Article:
- The Washington Times - Tuesday, March 4, 2003

CARACAS, Venezuela, March 4 (UPI) — Colombia's state-owned oil producer Ecopetrol has announced a record discovery of crude oil deposits, which amounts to up to 200 million barrels of light crude in the north of the country near the Venezuelan border.

The Minister of Mines and Energy, Luis Ernesto Mejia, hailed the find and said Tuesday that it would be "extremely positive" for the economy.

U.S.-based multinational Occidental Petroleum, or Oxy, had done several joint surveys with Ecopetrol in the region, known as the Samore Exploration Block, in recent years, but recently abandoned the project after failing to locate any oil.

Ecopetrol later decided to proceed on its own and was rewarded with the large find.

Ecopetrol President Isaac Yanovich did warn that "it is still impossible to determine the size of the deposit" but confirmed the company expected reserves of about 200 million barrels.

It will take about two weeks to confirm the size of the deposit and the quality of the crude.

"The most important aspect of this discovery is that this is 100 percent an Ecofuel project," Yanovich said. "That means that the reserves and the production based on those reserves will belong entirely and exclusively to the nation."

The government gave Ecopetrol and Oxy joint rights to exploit the Samore Exploration Block in 1991, when analysts estimated the region could hold up to 1.4 billion barrels of crude.

The project proved a costly failure for the U.S. company, which faced enormous hostility from the local U'wa indigenous community and constant security threats from leftist rebels in the area.

These factors prevented Oxy from beginning drilling in the area for close to a decade. By May 2002, the company had invested $100 million and drilled a 12,000-foot well known as Gibraltar 1, but had only discovered gas deposits.

At that point, Oxy, which had faced repeated guerrilla attacks on its crucial Cano Limon pipeline, cut its losses and handed the prospecting rights back to the Colombian authorities.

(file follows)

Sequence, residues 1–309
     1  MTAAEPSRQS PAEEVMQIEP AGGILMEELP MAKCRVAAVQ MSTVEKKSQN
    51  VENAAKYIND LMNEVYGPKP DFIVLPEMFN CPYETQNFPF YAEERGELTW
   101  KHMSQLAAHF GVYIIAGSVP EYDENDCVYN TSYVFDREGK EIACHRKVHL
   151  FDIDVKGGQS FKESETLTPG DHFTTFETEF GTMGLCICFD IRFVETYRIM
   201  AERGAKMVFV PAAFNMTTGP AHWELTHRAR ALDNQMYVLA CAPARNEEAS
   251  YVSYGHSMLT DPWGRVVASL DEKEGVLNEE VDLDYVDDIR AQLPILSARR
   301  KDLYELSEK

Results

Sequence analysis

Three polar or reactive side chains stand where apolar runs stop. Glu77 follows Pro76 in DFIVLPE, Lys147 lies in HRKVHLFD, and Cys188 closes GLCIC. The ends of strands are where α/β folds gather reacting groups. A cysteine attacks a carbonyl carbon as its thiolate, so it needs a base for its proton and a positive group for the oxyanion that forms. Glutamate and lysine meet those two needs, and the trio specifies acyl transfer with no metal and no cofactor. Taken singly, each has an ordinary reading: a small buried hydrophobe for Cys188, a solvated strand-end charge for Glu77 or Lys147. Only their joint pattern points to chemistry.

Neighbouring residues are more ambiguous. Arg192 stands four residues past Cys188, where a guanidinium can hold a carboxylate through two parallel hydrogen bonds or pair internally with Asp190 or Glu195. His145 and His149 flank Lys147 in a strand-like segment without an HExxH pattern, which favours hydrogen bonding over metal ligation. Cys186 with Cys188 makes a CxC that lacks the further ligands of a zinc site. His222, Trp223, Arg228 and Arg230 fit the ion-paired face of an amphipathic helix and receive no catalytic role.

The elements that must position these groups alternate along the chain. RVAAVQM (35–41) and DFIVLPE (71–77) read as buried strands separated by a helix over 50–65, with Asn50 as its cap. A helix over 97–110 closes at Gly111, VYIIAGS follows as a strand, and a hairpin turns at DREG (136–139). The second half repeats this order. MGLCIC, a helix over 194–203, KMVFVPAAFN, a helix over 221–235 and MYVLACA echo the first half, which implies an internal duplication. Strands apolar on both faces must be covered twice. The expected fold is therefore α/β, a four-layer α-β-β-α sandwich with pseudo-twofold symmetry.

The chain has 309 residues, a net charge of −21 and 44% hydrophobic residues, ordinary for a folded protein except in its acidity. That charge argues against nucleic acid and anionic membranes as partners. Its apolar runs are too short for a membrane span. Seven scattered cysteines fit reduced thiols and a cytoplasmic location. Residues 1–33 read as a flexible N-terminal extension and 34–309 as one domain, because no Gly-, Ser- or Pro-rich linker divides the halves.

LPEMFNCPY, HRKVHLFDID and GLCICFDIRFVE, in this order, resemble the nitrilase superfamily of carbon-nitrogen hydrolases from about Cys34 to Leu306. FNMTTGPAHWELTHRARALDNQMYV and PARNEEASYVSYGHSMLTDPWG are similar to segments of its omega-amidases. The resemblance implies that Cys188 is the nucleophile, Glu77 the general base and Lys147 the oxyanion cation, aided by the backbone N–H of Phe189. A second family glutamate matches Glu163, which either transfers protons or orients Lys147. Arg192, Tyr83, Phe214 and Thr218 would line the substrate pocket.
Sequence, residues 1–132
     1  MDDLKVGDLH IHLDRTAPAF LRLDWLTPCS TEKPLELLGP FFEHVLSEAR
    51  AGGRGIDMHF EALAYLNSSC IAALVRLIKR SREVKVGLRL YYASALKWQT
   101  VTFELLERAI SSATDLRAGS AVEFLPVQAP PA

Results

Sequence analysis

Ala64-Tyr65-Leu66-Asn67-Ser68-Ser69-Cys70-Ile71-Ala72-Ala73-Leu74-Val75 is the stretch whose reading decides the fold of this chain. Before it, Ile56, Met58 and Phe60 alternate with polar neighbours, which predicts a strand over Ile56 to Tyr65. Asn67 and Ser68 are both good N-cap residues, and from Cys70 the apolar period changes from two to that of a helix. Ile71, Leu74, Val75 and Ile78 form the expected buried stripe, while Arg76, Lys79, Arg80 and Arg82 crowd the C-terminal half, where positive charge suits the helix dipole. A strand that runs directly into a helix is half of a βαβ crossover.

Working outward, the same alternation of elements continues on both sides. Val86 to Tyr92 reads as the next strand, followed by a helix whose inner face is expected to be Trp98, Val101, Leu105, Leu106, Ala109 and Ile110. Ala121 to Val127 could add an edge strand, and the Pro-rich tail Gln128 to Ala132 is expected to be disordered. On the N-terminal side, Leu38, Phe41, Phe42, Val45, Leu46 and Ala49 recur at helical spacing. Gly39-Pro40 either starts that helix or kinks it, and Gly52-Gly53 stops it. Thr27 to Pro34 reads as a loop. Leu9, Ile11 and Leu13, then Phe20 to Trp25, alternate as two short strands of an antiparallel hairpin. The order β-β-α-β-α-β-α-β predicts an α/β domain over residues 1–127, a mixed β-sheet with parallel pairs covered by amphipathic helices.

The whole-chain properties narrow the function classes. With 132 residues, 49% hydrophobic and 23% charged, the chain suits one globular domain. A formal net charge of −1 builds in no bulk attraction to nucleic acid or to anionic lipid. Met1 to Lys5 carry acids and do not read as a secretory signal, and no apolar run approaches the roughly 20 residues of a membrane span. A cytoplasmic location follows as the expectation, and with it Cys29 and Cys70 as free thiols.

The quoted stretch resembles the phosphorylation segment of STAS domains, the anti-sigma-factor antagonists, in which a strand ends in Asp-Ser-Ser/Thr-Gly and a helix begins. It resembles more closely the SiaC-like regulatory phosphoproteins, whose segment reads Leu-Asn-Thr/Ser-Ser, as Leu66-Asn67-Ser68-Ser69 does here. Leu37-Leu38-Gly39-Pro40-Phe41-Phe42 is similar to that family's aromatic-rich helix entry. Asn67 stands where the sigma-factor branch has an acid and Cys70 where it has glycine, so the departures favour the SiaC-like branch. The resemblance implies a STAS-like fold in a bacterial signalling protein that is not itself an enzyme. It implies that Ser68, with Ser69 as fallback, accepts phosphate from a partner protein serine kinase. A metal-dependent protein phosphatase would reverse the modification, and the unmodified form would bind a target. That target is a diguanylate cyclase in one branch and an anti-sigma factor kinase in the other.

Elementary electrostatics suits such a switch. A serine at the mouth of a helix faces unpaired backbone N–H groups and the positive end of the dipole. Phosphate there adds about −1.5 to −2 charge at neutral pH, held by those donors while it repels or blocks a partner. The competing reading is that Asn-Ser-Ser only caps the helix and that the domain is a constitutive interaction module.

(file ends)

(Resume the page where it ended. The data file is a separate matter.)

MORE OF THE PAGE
Ecopetrol restarted exploration in the area in November with an additional investment of about $10 million. The company hit crude at Gibraltar 1 at 12,050 feet, just 50 feet further down than Oxy had drilled.

Mejia said that it would cost about $150 million to begin production at the site.

The discovery couldn't have come at a better time for Colombia. Experts had warned recently that the country would be forced to import hydrocarbons within 14 months, as falling productivity and exploration meant Ecopetrol's output wasn't keeping pace.

Colombia was a net importer of hydrocarbons between 1975 and 1986 — when it became self-sufficient. By reducing the need for imports, the find will help the trade balance and the profits its generates for the state-owned firm will help the fiscal balance.

Although oil is Colombia's top export commodity, the industry has often been overlooked internationally, partly because of its vulnerability to rebel groups.

Colombia's leftist guerrillas consider oil companies legitimate targets. Foreign oil workers run the risk of kidnap and companies frequently pay "taxes" to prevent damage or destruction of their installations and pipelines.

But as Ecopetrol's find demonstrates, there's great potential for major discoveries in Colombia. Unlike its neighbor Venezuela, about 70 percent of Colombia's sedimentary areas have yet to be properly explored. Only seven of its 18 sedimentary basins are being commercially exploited.

If the authorities can improve security, the country would be well-placed to benefit from the U.S. government's desire to diversify oil imports, particularly as Colombia isn't an OPEC member and faces no output ceiling.

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